In Ex parte Holloway (PTAB 2011), the Board tore apart the Applicant's Graham factors argument, by pointing to specific statements in the Examiner's Answer that corresponded to Graham factors. The obviousness rejection was fairly typical, consisting of an assertion that the primary reference disclosed a particular element, followed by other assertions about how teachings in the remaining references related to other claim elements. In explaining the rationale for combining, the Examiner made this statement:
Once it was known to provide such markings, the particular information one chooses to convey by using markings is seen to have been an obvious matter of choice. The purpose of markings or indicia is to convey information. It is not seen that patentability can be predicated on the type of information one chooses to convey through markings or indicia; especially when, as shown by the art taken as a whole, the information was known and thus conventional.
(Emphasis added.)
In the Reply Brief, the Applicant characterized the statement quoted above as one showing that the Examiner used his own subjective standard, rather than the objective analysis required by Graham.

The Board disagreed, and found that the Examiner performed a proper obviousness analysis.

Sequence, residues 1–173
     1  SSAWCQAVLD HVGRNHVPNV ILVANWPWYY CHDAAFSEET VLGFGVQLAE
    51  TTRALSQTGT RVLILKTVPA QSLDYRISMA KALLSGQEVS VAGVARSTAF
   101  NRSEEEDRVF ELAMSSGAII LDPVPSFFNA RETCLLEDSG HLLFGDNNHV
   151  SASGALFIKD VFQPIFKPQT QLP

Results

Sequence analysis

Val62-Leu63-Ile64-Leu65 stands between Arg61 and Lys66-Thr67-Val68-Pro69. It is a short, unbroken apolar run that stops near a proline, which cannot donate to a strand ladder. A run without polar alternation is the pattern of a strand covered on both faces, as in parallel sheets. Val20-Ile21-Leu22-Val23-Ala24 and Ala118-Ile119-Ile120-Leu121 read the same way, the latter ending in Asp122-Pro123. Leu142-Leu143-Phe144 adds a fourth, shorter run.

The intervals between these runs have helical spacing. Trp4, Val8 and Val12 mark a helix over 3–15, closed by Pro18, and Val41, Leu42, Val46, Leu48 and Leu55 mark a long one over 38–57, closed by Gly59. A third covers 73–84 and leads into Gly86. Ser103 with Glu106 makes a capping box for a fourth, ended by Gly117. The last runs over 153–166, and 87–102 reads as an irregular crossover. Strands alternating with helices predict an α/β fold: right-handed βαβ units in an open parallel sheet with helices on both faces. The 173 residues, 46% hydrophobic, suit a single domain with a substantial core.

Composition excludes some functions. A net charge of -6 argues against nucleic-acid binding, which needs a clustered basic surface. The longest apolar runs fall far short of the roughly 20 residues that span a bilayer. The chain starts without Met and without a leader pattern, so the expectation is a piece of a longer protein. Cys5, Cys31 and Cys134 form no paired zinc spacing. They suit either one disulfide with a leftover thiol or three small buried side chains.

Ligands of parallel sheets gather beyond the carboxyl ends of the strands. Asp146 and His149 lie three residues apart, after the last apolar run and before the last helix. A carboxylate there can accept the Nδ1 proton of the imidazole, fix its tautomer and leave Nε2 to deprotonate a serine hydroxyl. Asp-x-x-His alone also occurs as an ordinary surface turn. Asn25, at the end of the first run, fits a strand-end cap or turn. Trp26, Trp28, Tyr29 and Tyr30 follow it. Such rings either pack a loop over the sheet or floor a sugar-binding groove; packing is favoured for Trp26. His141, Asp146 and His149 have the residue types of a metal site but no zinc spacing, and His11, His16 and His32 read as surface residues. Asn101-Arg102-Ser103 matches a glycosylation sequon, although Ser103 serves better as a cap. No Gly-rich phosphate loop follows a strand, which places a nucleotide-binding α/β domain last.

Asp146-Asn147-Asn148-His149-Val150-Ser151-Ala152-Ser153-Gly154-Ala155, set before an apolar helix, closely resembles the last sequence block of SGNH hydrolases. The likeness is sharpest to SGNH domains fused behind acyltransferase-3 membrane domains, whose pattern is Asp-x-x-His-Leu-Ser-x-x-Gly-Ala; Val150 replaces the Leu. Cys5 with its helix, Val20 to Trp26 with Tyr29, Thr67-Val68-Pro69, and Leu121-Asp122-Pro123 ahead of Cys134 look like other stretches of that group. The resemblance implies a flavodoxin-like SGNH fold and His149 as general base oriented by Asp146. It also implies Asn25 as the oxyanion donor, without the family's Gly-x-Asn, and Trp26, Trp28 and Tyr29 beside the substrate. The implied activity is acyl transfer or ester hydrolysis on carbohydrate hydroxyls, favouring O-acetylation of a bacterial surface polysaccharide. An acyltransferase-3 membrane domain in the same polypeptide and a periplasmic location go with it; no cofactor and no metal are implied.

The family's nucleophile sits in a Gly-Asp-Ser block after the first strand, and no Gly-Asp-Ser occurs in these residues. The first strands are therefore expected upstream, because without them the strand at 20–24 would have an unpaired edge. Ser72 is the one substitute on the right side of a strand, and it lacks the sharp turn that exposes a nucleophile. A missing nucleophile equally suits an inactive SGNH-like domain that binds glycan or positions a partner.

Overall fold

Indeed, the Examiner assessed the scope of the admitted and applied prior art, finding that Paravano and Liger [disclose] containers having markings which respectively represent the volume of alcoholic beverage ... dispensed as well as the alcohol content of that volume. Ans. 4-5. The Examiner further finds that each of Velho, Davis, Prieto,Manaka, Dor, Rhee, Pauli, and Christiaens [disclose] that it was known in the art to mark containers to convey information with respect to ... the character of the dispensed volume with respect to alcoholic beverages and other ingestible compositions. Ans. 5-6. ... It is apparent that the Examiner further factually determined the difference between ... representative claim 1, and the level of ordinary skill in the art as reflected in the admitted and applied prior art. Ans. 4-6.
     Thus, the Examiner applied the Graham factors in reaching the determination that it would have been obvious to one of ordinary skill in the art to mark an alcoholic beverage container to indicate the volume thereof which represents a “standard drink,” and thus, the number of drinks based on that “standard” which remain in the container as well as the number of such “standard” drinks dispensed to a consumer. Ans. 6-7; see also Ans. 7-8.
Ex parte Brown (PTAB 2009) is another case illustrating a losing Graham factors argument. Here's the Board summarizing the Applicant's argument:
Appellants also contend that … the Examiner fails to address "all of the Graham factors to establish the required background for an obviousness rejection" and also "fails to apply all four Graham factors to establish the necessary background elements for determining obviousness" (App.Br. 14); [and] “In the complete absence of any mention or consideration of the Graham factors, the Final Office Action cannot support an obviousness rejection." (App. Br. 15)
And here's the Board explaining how the rejection did indeed comply with Graham: